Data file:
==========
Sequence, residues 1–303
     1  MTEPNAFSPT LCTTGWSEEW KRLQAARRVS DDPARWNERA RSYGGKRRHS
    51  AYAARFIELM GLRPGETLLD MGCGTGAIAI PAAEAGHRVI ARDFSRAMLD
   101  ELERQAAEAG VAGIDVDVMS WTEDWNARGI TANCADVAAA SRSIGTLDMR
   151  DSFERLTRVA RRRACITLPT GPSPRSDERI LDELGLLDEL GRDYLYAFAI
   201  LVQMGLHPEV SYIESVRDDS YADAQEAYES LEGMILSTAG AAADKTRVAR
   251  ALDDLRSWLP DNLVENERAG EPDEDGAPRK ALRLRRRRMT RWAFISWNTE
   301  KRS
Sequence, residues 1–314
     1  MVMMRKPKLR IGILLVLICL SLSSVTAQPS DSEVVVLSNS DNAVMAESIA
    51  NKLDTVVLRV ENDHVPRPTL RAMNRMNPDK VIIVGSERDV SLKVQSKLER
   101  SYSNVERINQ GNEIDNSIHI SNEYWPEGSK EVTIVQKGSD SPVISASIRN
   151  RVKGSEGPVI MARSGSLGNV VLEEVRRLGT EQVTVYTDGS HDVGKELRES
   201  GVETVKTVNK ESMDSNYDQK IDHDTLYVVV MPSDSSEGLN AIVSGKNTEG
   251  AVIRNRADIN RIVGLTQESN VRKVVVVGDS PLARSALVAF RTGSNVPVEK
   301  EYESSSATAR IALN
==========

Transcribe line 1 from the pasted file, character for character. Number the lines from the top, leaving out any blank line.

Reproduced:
Sequence, residues 1–303